WHILE many celebrated the recent progress of the entry of a third telecommunications company, it will still be a long time before the whole country can enjoy better telecommunications services.
On November 7, out of 10 parties which have bought Selection Documents from the NTC, only three submitted their bid documents -- Mislatel Consortium, Sear Telecom-Tier1 Consortium, and the Philippine Telegraph and Telephone Corporation (PT&T).
However, it was only Mislatel that qualified during the opening of bids on November 7. Eventually, Mislatel was declared the provisional New Major Player (NMP) in the telecommunications industry by the National Telecommunications Commission (NTC) and Department of Information and Communications Technology (DICT). The consortium is a partnership between Davao businessman Dennis Uy and China Telecommunications Corporation (China Telecom) and is composed of Mindanao Islamic Telephone Company, Chelsea Logistics Holdings Corporation, and China Telecom.
It was reported by SunStar Philippines that Sear Telecom-Tier1 were disqualified because of their failure to submit the P700-million participation security while PT&T was disqualified because it failed to submit a Certification of Technical Capability from NTC.
The two disqualified bidders were given three days to submit their motions for reconsideration and still have a fighting chance to be a third telecommunications player in the country.
However, the declaration of Mislatel Consortium was also met with questions especially on its eligibility and validity to be the third telecommunications player.
Infrawatch PH said in a statement that they are calling for the disqualification of Mislatel "due to the failure of its telco consortium partner Mislatel to comply with its one of the requirements of its congressional franchise: joining any securities exchange like the Philippine stock market five years from receiving its franchise in 1998."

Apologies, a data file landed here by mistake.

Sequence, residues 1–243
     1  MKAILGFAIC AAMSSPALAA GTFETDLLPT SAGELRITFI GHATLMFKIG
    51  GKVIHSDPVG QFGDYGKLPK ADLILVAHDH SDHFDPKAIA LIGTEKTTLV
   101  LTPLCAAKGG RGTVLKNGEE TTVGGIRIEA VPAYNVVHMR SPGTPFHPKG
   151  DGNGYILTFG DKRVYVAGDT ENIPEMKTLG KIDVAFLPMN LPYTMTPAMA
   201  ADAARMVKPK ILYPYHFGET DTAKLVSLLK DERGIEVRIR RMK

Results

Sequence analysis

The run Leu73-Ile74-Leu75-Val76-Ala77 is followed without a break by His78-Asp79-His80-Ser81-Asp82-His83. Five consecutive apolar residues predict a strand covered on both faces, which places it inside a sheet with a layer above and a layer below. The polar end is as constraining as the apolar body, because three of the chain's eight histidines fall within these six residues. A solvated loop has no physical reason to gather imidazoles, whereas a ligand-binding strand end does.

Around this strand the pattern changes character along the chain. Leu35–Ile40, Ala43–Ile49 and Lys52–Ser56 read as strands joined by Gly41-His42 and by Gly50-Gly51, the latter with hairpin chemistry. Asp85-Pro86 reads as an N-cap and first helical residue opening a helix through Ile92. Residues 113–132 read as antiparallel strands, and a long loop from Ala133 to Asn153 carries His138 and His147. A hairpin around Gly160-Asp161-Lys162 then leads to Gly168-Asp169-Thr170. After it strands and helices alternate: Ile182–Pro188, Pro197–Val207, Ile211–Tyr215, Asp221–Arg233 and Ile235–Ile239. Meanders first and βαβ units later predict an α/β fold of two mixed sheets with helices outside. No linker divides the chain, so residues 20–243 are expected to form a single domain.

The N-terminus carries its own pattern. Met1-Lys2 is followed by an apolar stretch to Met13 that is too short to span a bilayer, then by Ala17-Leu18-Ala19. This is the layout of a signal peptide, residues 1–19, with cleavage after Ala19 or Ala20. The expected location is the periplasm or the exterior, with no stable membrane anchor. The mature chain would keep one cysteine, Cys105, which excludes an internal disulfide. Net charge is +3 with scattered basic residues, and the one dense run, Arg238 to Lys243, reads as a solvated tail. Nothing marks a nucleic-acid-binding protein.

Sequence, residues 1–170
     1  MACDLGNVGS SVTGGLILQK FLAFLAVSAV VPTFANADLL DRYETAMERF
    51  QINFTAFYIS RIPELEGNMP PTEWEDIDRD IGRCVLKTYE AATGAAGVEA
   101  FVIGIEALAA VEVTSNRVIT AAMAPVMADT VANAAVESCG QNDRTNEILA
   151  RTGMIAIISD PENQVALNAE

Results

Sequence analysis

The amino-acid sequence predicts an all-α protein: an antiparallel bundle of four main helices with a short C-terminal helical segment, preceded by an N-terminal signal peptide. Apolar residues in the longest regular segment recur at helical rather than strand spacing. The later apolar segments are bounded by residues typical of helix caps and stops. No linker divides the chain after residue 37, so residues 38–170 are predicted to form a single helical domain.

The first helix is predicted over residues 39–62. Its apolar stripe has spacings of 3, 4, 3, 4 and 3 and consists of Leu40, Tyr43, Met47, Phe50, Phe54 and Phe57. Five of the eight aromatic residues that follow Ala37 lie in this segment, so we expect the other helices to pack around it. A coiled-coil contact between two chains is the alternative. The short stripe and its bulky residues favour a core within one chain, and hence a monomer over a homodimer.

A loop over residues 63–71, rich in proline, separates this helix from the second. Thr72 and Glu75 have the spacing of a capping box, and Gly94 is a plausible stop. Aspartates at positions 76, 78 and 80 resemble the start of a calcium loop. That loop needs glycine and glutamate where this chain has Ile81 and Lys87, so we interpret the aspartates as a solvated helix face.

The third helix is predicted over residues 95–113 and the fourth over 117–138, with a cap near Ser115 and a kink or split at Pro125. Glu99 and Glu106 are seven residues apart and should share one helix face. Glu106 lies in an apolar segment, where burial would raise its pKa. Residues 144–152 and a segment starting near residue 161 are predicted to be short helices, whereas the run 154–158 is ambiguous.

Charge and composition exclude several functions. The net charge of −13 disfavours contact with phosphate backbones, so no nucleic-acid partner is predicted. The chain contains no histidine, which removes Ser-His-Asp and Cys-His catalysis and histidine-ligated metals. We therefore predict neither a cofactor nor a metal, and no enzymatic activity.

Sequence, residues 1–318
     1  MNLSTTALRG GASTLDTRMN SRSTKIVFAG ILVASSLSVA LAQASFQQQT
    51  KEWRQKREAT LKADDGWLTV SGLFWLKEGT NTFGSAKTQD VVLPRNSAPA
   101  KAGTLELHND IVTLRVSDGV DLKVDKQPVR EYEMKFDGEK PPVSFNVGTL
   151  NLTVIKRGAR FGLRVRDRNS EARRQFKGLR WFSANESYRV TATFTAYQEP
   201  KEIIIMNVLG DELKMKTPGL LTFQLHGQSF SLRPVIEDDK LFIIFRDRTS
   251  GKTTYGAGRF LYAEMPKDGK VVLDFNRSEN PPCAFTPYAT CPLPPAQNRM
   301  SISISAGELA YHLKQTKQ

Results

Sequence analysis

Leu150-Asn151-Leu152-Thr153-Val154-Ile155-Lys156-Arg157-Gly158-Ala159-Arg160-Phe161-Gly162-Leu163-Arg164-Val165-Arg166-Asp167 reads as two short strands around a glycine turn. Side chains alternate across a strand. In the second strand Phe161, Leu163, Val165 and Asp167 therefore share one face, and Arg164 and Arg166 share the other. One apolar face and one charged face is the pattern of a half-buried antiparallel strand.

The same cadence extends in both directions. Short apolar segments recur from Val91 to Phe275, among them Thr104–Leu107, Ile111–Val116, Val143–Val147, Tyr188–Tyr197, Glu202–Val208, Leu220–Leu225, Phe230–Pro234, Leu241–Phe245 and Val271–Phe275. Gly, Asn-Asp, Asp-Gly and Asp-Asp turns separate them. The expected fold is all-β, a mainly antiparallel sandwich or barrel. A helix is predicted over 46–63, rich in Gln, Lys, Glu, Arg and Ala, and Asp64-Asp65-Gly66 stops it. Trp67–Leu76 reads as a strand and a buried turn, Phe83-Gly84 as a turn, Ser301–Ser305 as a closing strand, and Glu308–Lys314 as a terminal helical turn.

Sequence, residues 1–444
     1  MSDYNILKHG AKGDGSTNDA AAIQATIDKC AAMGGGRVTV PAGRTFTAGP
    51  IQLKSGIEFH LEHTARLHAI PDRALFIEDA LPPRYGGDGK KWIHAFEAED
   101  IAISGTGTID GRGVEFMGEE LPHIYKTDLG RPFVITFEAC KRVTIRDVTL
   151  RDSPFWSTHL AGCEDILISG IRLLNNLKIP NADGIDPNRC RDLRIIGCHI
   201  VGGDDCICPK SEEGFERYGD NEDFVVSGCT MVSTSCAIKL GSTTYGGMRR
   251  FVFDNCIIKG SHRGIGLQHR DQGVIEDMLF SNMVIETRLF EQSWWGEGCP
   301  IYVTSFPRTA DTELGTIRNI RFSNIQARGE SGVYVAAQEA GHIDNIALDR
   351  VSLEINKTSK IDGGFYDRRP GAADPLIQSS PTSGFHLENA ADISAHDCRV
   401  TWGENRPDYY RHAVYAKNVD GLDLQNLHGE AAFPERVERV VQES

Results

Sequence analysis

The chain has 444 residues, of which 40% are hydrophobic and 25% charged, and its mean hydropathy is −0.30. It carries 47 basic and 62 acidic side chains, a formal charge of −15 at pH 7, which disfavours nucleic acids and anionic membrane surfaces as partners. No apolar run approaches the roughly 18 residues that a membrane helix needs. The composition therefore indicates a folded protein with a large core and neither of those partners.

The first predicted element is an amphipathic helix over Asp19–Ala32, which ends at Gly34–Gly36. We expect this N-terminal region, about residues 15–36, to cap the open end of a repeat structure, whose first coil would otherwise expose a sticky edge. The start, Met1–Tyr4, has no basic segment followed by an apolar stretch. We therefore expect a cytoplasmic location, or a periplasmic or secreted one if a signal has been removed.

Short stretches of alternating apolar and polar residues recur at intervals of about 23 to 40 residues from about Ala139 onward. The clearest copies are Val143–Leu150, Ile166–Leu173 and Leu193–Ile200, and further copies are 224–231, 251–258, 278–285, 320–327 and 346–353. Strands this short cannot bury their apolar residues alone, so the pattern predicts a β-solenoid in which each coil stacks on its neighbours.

"The public needs to know that the franchise of Mislatel is non-operational. In fact, it has been automatically revoked in 2003 for its failure to join the stock market. We have checked the list of companies currently in the PSE, there is no publicly traded entity named Mislacom,” Terry Ridon, Infrawatch PH convenor.
It took a while to look for the third telecommunications player that will end the duopoly of Globe and Smart. With the recent developments and should one of the two disqualified bidders' motions for reconsideration, we can expect that the entry of the third telecommunications company will take longer.
Why is the NTC and the DICT dragging the whole process of the entry of the third telecommunications company? This makes them look like that they have vested interests in the two telecommunications giant. Let us hope not.
When the third telecommunication company does enter in the future, they will still have to put up infrastructure to be able to deliver services to their potential clients.
This can only mean that despite the developments, the Philippines will continue to suffer slow internet speed and inefficient telecommunications services.